The sinuses, located near the nose, between the eyebrows and behind the cheeks and forehead, can sometimes between swollen and inflamed. When this occurs for three months or longer despite treatment, it is known as chronic sinusitis. This condition makes breathing difficult and causes pain and pressure. One way chronic sinusitis is treated is with a procedure known as Balloon Sinuplasty.
Why Balloon Sinuplasty?
Balloon Sinuplasty is a preferred method of treating sinusitis for many patients and providers, mostly due to the fact it is minimally invasive and does not involve cutting or removing nasal tissues or bone. The procedure also has a relatively short recovery time.
This procedure was approved by the FDA in 2005 and is increasingly being recognized and fully covered by insurance companies. For these reasons, Balloon Sinuplasty procedures have been becoming more and more common, increasing 59 percent annually between 2011 and 2014.
How Is Balloon Sinuplasty Performed?
Balloon Sinuplasty is often performed by ear, nose, throat (ENT) physicians in an outpatient clinic or hospital. It may be performed under local or general anesthesia.
During the procedure, a doctor inserts an endoscope – a thin flexible tube with a light and camera at the end – into the nasal passages. Then they place a small balloon catheter into the sinuses.
Once positioned, the balloon is slowly inflated and the passages are flushed with a saline rinse to remove debris. Then the balloon is removed, leaving the sinuses able to drain naturally.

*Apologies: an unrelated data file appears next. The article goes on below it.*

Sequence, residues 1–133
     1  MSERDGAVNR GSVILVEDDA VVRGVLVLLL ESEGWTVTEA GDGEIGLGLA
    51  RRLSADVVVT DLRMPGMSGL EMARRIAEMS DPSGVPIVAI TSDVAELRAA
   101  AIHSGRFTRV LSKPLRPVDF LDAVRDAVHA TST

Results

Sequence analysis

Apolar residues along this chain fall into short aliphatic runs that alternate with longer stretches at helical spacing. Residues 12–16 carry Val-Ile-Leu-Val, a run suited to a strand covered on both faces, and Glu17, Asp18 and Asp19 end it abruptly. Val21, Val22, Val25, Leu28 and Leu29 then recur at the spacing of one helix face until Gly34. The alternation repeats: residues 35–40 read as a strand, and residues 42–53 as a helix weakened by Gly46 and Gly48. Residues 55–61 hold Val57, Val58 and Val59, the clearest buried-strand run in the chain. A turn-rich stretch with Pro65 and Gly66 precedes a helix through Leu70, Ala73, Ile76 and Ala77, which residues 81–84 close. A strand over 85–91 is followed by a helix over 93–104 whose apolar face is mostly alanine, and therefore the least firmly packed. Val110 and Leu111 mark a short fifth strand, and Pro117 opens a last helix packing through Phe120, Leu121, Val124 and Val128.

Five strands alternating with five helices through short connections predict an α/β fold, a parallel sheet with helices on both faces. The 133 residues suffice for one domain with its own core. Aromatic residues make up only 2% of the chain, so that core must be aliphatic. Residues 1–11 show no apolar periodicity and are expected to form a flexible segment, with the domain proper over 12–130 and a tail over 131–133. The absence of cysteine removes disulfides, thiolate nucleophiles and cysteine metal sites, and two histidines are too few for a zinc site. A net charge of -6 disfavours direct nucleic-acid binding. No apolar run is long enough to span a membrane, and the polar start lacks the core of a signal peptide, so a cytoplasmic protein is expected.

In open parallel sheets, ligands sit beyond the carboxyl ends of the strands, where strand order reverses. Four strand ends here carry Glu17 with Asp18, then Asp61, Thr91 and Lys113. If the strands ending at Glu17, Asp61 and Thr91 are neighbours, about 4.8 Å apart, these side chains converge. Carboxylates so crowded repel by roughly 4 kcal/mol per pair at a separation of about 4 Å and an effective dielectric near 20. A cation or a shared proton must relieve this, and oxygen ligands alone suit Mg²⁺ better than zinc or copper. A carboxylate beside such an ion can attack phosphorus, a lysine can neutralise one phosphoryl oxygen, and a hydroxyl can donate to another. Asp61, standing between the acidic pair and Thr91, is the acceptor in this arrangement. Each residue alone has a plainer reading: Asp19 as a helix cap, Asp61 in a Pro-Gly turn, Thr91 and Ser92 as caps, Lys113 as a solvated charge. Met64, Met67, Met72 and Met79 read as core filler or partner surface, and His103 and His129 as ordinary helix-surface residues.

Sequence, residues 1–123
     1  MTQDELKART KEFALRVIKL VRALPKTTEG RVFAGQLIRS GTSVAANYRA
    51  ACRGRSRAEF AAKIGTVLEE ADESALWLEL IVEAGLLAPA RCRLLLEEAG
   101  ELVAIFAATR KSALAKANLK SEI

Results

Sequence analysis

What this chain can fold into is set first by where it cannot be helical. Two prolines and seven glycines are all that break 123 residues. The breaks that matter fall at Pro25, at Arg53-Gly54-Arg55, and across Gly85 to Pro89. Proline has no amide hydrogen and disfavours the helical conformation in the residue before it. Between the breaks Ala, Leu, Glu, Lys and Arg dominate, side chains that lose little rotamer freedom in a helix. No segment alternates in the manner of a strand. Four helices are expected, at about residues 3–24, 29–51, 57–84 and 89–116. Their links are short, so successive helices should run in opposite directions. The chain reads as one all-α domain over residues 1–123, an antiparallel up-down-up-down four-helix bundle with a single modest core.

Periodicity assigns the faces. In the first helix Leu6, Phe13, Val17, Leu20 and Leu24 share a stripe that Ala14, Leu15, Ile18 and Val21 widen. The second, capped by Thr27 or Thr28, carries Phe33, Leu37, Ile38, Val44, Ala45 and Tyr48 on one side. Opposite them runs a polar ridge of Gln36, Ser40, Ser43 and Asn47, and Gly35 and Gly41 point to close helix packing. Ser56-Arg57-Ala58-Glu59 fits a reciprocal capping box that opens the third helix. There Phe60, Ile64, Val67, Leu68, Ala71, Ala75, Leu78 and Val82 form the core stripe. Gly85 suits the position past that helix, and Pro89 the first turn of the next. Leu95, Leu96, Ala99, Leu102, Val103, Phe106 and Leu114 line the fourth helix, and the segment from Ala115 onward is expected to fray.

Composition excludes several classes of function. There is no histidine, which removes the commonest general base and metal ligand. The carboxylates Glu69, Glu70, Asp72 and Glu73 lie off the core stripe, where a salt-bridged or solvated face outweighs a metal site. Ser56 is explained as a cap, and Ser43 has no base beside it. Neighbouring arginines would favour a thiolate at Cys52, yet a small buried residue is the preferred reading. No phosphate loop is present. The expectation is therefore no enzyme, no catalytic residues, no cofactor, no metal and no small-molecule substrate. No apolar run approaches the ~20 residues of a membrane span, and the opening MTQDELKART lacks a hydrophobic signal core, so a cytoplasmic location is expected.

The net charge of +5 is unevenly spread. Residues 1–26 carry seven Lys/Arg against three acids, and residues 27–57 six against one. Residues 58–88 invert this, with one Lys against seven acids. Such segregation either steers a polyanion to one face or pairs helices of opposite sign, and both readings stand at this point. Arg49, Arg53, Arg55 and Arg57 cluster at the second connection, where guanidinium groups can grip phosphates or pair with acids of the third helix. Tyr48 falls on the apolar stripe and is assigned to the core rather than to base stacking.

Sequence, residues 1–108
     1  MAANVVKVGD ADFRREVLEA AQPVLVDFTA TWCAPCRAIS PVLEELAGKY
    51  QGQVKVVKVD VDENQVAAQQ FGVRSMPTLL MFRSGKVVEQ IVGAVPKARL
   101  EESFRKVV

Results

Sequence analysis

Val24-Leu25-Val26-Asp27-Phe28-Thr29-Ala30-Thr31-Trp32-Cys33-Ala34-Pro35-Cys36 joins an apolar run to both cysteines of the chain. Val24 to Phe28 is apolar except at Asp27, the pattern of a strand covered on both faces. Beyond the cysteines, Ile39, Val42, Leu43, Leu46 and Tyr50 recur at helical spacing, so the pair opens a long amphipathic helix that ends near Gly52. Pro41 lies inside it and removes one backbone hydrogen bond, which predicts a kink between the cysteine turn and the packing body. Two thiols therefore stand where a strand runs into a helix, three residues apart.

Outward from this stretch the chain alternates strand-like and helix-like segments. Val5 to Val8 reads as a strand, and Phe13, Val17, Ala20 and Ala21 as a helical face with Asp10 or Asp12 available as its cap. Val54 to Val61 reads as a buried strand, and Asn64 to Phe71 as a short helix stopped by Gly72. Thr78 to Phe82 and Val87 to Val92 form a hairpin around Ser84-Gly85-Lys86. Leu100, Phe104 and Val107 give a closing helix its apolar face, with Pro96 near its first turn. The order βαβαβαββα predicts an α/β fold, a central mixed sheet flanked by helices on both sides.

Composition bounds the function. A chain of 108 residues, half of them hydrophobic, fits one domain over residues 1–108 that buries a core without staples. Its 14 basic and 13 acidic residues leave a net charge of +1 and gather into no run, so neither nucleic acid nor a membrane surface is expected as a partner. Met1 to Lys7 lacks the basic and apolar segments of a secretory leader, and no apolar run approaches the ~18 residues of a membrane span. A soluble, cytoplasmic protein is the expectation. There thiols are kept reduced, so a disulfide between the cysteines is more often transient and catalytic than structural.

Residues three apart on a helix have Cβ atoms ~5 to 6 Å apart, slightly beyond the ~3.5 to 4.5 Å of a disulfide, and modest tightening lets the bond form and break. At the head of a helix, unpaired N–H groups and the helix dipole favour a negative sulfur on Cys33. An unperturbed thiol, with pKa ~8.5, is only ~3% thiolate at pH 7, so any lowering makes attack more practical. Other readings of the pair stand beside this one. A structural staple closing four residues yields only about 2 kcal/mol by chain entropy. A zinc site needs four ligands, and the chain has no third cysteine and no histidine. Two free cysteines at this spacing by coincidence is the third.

The procedure typically takes less than an hour.
Is Balloon Sinuplasty Safe?
Balloon Sinuplasty is considered a very safe alternative to other sinus procedures. Compared to endoscopic sinus surgery, benefits of Balloon Sinuplasty include:
- Lower risk of bleeding
- Shorter office stay and recovery time
- No removal of tissues, bones or cartilage
- Fewer post-op appointments
- Reduced need for pain medications
- Reduced need for general anesthesia
- Reduced risk of post-op infection
- Reduced risk of scarring and inflammation
How Long Does It Take to Recover?
Most people go home within a couple hours of the procedure and return to regular activities after 24 to 48 hours. Your doctor may advise you to avoid strenuous activity for about seven days.
You may experience fatigue, fogginess, tenderness, congestion and drainage for a couple weeks after surgery. For more information or to schedule an appointment, call Augusta ENT today.